Sounds about right. I don't remember the precise model number offhand, but it is something thereabouts.

I would not expect you to have any console access to it.

Yes, I have the password. Yes, I know the powers that be would prefer I didn't. Yes, I know that things could go very badly wrong with the wrong command. No, I haven't changed the bootable configuration. No, I haven't typed in random commands. I've been extraordinarily careful, and will consult the global service desk if any real changes are needed. No, I won't tell you how I got the password, that could potentially allow others access. It is handy, though, to see error messages and query the port configurations.

When the FM Group swapped it out, it might not have been scripted properly for a meetinghouse.

It was setup for a meeting house, but there is always the possibility that there is a configuration error... that something should have been set but didn't take for some reason. If I ask them to take a look at it, and they decide to reload the unit, and they give me a different IP range... again -- I am not looking forward to setting up 3 printers on 9 computers... again (27 combinations = a pain in the neck to configure more than once; I've done it about 5 times now). This may be the only option. Or I could go through this to no avail (if it is the cable or a hardware incompatibility).

It does sound like it's not real happy with your Ethernet LAN connection.

WAN, actually. FE 0-3 are LAN ports. FE4 is WAN.

Either the cable or the device at the other end.

Both are possibilities. Both are non-trivial to test.

However, connecting a computer direct to the firewall should test that theory.

Worth a try next time I get down there. Configure my laptop static to the ISP IP address, install a webserver (ick), watch for late collisions.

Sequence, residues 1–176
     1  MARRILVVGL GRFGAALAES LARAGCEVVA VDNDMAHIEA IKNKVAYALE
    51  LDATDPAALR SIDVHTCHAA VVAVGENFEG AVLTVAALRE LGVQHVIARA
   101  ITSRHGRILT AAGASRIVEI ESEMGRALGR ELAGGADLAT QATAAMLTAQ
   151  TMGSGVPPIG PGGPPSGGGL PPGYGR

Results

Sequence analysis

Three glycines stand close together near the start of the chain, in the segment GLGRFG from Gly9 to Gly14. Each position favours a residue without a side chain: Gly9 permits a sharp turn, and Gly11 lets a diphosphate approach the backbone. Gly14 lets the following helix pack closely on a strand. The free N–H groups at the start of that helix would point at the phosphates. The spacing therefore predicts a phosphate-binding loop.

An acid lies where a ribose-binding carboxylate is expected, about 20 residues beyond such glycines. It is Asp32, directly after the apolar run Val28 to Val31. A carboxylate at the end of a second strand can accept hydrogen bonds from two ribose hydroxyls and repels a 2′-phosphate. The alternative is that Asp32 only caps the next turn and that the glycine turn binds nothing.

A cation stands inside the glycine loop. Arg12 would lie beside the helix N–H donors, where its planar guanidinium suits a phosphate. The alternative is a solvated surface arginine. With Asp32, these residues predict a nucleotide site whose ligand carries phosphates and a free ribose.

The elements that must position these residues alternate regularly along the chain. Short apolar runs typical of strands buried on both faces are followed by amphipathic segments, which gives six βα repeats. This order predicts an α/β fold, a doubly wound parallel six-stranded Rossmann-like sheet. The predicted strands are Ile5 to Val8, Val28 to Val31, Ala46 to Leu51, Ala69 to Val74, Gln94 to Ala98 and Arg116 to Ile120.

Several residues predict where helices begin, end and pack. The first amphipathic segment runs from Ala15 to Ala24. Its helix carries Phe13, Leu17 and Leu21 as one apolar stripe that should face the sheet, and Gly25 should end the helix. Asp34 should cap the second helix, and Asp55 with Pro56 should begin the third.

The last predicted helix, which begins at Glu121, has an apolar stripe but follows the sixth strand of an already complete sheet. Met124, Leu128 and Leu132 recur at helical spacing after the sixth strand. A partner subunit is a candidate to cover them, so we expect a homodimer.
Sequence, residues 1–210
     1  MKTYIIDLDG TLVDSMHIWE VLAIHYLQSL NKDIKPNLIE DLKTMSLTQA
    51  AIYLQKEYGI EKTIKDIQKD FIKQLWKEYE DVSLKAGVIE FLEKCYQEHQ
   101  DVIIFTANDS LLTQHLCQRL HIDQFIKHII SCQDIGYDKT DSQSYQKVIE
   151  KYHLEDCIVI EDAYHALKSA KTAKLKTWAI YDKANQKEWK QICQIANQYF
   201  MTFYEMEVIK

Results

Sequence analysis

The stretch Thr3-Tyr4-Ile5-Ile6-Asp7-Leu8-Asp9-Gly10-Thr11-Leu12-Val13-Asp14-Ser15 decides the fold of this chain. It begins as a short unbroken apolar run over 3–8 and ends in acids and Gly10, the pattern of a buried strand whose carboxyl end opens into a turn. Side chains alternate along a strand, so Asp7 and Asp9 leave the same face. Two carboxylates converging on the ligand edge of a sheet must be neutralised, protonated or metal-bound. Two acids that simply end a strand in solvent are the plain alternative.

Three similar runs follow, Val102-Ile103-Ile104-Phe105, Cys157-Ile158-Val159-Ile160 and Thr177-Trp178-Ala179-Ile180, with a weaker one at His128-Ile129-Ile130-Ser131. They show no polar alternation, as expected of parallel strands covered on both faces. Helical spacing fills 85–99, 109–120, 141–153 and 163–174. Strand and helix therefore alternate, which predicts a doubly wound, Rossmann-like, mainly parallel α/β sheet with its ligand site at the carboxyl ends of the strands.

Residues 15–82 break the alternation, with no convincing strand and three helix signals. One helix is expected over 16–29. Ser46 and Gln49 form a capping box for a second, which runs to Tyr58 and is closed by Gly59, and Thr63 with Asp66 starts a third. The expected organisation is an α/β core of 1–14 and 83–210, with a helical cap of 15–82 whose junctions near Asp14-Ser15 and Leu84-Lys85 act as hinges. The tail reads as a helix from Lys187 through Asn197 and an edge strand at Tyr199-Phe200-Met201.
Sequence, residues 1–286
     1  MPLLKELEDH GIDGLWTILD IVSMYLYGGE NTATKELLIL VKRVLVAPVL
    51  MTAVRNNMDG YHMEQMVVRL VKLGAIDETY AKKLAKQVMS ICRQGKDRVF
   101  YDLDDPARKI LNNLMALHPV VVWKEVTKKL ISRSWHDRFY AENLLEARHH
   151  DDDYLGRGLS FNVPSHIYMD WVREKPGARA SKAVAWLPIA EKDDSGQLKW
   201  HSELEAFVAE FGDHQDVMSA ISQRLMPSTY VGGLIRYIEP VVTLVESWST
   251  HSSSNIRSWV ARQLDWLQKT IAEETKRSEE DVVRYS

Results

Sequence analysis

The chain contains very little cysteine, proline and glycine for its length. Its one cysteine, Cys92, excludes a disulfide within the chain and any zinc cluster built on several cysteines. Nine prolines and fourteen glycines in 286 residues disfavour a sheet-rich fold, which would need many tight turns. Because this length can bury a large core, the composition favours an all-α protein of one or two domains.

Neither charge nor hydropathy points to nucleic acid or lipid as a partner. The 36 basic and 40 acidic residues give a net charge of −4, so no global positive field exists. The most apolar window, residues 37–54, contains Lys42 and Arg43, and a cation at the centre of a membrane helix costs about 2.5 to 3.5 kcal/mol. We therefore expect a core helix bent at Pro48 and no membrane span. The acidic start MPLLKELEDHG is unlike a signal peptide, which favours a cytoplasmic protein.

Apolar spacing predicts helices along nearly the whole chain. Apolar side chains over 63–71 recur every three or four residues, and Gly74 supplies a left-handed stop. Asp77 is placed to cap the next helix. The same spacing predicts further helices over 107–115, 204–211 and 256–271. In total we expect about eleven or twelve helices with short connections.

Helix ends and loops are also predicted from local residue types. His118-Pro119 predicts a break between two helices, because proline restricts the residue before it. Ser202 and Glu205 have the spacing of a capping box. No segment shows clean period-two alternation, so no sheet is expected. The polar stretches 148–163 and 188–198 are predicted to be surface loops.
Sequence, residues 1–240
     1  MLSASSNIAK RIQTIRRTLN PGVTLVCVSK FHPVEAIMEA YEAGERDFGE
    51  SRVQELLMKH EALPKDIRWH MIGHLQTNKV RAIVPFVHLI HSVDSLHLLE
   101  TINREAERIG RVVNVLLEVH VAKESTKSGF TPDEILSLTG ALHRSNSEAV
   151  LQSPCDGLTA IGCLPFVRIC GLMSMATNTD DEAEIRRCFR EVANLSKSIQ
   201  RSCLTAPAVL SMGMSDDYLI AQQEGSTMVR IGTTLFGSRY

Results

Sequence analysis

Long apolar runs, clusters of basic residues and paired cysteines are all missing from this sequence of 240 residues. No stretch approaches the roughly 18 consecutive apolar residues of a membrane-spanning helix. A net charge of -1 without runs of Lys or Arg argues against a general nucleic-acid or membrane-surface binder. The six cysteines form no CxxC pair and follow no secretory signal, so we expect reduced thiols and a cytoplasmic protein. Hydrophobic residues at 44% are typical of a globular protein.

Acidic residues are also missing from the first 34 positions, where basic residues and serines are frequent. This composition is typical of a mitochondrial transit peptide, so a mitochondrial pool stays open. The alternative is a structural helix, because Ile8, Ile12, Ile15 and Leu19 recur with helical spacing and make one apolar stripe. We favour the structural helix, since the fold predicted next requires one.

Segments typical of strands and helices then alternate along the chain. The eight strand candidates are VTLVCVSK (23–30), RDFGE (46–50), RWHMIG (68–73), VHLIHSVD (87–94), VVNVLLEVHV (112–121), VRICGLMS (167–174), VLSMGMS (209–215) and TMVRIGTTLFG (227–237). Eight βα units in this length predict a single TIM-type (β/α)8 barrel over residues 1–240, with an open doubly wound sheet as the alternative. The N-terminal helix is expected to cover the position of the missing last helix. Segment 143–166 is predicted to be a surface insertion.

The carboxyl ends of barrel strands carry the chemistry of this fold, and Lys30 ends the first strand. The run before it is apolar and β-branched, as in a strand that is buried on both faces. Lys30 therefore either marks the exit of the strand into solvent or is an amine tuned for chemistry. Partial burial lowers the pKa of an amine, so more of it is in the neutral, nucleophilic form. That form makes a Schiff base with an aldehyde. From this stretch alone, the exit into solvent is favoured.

On the other hand, it is probably not that simple. the 100BASE-T standard supports lines up to 100 meters. I expect enterprise grade hardware to handle the distance. Experience tells me, however, that most consumer grade NICs won't get nearly as far. On a run of this distance (over the gym and past several classrooms), I would expect my laptop to have problems. It should be under 100 m, but I can't verify that (estimates are ranging 100-150 ft).

I can connect my laptop directly at the cabinet, but that will only tell me if FE4 is failing outright. If it works fine, then it may still be the cable run, or an incompatibility with the NetVanta installed by the ISP (duplex mismatch, failing to auto sense), or outright hardware failure on either end.

And this is still assuming the late collisions are causing the familysearch.org problems, or are indicative of the same root cause. Dropped packets at the ethernet level should be corrected on the tcp level. (That's the whole point behind tcp, actually.)

I'll be back down there either tomorrow or Monday, depending.

jasondivy
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Re: Late Collisions and familysearch.org FT issues

Postby jasondivy » Fri Jun 28, 2013 6:38 pm

The ISP support line remains open till 7, but the engineers had already left.
GSC conectivity team has also left for the day.

The ISP help desk did however confirm that their equipment is running in full duplex. This explains the late collisions detected, but not why the Cisco 800 refuses to switch to full duplex, nor is it proof positive that this has anything to do with the errors on FamilyTree.

I guess I'm dealing with this on Monday (probably).

john84601
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Re: Late Collisions and familysearch.org FT issues

Postby john84601 » Tue Jul 02, 2013 11:17 am

-- I think the biggest clue you have is that it's negotiating down to half duplex. I would suspect a cabling issue. If you have access to the console, I woud look at counters (CRC or frame). In a "good" environement, you will rarely if ever see these numbers change. If they are having problems at Layer 1 (cabling), you will likely see these increment.

-- To use Wireshark you would need either to 1) setup a mirror or span port on the router (I wouldn't recomend this on church equipment) or 2) obtain access to an Ethernet TAP (pricey). Once you had a pcap, you could send it to someone like myself who could help you interprit it quickly. It's probably eaiser for you to find someone who has access to a Fluke to test the line.

-- My money is that it's bad cabling. Probably a broken wire, poorly terminated connector, ran to close to power, etc. When you get it tested, make sure that testing is more than just a "continuity test" and that the tester will test the signal "at frequency".